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Bannock County man charged following night of vandalism

Clinton L. Haggard | Bannock County Jail
INKOM — A man police say damaged numerous mailboxes and at least three vehicles in and around Inkom has been charged with multiple felonies.
Clinton L. Haggard, 30, faces three felony counts of malicious injury to property, along with one misdemeanor charge of the same crime, court records show.
Nov. 23
Bannock County Sheriff’s deputies responded to reports of multiple vandalized mailboxes on Honeysuckle Lane around 7:45 a.m., according to an affidavit of probable cause.
While looking in the area for the extent of the vandalism, deputies found a Jeep parked on Highway 91. The Jeep, police reports show, had “extensive damage to every window, the grill, body and taillights.” The radio had also been removed and the dash “torn apart.” Items were “strewn about the vehicle,” leaving the appearance of someone having rummaged through the consoles and compartments.
Deputies then found a Ford truck with similar damage parked on Portneuf Road.
Estimated cost for repairs to the Jeep is $2,500, the affidavit says, with $1,500 in damage done to the Ford.
Additionally, mailboxes belonging to homes on Honeysuckle Lane, Highway 91 and Portneuf Road were damaged. According to the affidavit, the majority of the damage appeared to have been caused by a baseball bat, while other mailboxes appeared to have been driven over by a vehicle.
Approximately 10 hours after deputies first received calls reporting the damaged mailboxes, they received a tip that Haggard and another person were involved.
Nov. 25
Deputies investigating the vandalism received footage from one of the victims, recorded with a security camera on the victim’s home.
The video showed a truck pull up in front of the home and stop before turning around on the victim’s property, backing over the mailbox and driving away.
Deputies went to a home on West Old Highway 91 they believed to be Haggard’s residence. There, they saw a truck that appeared to match the one seen in the security camera footage. The truck had extensive damage throughout the body, the affidavit says.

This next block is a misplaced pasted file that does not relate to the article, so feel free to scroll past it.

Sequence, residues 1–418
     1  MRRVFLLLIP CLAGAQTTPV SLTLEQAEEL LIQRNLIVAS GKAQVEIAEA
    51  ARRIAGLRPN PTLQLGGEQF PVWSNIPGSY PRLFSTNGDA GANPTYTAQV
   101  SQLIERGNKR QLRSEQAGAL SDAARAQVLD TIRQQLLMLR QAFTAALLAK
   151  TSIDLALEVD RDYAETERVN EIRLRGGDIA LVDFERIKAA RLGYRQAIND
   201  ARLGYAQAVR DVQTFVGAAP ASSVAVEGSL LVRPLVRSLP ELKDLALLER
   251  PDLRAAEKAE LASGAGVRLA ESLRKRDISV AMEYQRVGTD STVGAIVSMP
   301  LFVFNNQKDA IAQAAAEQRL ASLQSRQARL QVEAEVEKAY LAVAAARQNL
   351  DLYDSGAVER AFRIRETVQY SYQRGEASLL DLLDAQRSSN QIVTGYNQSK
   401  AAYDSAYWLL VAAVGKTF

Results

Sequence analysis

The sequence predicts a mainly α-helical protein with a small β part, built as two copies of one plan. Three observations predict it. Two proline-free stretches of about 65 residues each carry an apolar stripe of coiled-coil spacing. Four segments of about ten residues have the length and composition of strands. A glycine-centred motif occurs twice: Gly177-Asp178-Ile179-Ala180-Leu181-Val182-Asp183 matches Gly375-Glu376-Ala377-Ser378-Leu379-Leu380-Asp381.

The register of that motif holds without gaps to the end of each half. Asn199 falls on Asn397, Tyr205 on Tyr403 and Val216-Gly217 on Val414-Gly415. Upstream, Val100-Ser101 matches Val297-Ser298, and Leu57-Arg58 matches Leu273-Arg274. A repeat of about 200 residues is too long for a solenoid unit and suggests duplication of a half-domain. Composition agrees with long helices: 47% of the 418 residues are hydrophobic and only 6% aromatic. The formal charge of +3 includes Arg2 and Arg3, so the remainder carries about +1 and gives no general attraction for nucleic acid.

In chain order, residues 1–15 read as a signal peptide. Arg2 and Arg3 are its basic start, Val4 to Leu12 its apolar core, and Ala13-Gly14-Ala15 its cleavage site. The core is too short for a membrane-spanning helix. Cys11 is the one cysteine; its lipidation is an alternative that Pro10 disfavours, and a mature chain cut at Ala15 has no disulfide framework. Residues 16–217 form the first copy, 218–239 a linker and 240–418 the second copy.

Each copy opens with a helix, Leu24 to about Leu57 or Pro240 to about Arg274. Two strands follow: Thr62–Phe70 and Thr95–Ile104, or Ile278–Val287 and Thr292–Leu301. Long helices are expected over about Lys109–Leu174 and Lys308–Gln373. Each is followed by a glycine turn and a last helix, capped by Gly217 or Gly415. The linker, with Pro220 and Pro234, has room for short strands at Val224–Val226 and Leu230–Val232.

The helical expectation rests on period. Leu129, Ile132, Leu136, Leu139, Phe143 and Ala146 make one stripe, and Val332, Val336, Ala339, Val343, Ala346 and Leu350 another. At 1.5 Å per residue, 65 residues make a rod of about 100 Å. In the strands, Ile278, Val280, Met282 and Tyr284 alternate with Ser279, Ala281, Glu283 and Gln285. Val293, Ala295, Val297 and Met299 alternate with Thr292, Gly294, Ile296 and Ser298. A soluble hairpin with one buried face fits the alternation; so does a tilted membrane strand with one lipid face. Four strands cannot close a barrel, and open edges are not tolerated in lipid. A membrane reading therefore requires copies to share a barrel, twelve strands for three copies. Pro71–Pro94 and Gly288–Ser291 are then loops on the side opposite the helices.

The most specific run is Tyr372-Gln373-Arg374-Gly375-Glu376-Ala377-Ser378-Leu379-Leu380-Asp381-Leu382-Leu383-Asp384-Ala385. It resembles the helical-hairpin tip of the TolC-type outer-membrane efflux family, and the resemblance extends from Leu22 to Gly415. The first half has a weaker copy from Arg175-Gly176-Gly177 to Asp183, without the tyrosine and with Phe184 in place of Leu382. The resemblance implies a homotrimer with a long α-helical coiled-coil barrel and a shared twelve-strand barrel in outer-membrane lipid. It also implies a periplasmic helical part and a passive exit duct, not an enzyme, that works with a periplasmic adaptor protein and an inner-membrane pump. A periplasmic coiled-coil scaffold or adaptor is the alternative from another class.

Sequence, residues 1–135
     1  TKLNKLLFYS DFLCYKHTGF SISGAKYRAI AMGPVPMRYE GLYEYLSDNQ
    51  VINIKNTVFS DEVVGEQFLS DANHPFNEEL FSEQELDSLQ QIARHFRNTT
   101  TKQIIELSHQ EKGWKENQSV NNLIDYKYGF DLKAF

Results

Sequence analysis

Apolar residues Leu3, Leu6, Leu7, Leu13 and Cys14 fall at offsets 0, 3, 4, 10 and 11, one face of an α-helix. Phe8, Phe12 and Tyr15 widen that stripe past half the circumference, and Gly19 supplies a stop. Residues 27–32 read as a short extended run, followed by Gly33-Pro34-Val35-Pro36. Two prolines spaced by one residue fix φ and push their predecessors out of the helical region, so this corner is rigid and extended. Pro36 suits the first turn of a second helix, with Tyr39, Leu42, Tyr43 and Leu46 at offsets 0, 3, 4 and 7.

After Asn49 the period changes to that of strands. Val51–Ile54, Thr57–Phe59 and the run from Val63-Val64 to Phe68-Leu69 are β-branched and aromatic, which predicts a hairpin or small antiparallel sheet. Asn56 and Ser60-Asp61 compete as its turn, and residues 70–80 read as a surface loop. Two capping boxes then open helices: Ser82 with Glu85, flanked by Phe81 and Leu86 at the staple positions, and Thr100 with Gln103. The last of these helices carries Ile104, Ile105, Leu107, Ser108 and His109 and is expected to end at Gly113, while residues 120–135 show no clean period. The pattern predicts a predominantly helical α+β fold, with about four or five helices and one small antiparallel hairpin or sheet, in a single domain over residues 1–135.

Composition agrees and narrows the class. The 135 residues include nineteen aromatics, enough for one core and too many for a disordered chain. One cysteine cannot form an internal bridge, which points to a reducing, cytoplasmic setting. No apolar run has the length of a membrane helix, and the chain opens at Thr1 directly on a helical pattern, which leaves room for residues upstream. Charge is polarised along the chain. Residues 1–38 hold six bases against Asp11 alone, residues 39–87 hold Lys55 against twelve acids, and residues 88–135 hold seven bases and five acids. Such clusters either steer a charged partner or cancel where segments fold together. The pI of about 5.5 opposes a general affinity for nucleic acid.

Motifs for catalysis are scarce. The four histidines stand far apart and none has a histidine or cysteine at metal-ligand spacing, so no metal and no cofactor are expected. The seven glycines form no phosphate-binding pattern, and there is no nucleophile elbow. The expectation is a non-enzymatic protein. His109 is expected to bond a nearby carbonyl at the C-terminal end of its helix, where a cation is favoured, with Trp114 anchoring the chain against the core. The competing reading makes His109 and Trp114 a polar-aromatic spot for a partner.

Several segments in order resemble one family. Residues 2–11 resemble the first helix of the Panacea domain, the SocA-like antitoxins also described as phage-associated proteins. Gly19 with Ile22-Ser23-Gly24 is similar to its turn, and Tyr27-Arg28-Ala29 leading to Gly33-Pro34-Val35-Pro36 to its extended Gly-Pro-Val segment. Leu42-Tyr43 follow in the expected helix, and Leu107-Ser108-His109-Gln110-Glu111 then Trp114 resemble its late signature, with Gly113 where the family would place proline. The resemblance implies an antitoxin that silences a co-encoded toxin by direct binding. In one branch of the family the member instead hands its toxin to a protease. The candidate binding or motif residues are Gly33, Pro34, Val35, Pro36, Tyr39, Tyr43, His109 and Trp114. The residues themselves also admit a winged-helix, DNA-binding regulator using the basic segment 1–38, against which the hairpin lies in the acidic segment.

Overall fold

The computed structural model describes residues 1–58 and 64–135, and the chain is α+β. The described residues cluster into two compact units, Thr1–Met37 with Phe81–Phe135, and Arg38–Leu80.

While examining the truck, officers noted a long-handled hammer in the passenger seat they believed could have been used in the vandalism.
Later the same day, deputies spoke with victims who provided information about items stolen from their mailbox. Deputies also spoke with witnesses who claimed Haggard was the person responsible for the damaged mailboxes and vehicles.
Deputies obtained a warrant to search Haggard’s property.
During the search, deputies found items matching the description of those taken from one of the mailboxes. Nothing else of evidentiary value was found, but the hammer seen inside the truck earlier was taken as evidence.
Nov. 29
Haggard called the lead investigator to say he was willing to come to the Bannock County Sheriff’s Office for questioning. The deputy noted in police reports that Haggard was emotional over the phone.
During questioning, Haggard told the deputy he wanted to tell the truth.
He said he was having a bad night and had been drinking “a lot.” He said he had not been able to see his children and had missed one of the children’s birthdays.
After drinking, Haggard said he got in his truck and drove — he believed, toward Pocatello — around 10 p.m., but stopped on Portneuf Road and took items from mailboxes before smashing the mailboxes.
Then, Haggard reportedly told police, he went to Inkom and kicked over some Christmas decorations. After that, he used a metal baseball bat to “smash” “two or three cars,” he said.
When the deputy told him about the hammer that was seized, Haggard told deputies he didn’t know it had been inside his truck, but insisted the hammer was not used in the vandalism. He said he wasn’t sure where the bat he used went, but believed it was at his home.
The deputy thanked Haggard for his honesty, to which Haggard responded he wanted “to make this right,” adding he would do so “one by one.” He said he would make monthly restitution payments.
Deputies then asked Haggard who was with him. Haggard said he was there to confess and come clean, but refused to identify who was with him at the time of the crimes. After several requests, Haggard finally gave deputies the name of a person who was driving him around the night of the crimes.
Because he spoke honestly with the deputy, the deputy decided not to arrest Haggard, choosing instead to release him with a court summons.
Though Haggard has been charged with these crimes, it does not necessarily mean he committed them. Everyone is presumed innocent until they are proven guilty.
If he is found guilty, Haggard would face up to 16 years in prison.
He is scheduled to appear in court for a preliminary hearing before Magistrate Judge Scott Axline on Dec. 19.
The post Bannock County man charged following night of vandalism appeared first on East Idaho News.
Source: eastidahonews.com

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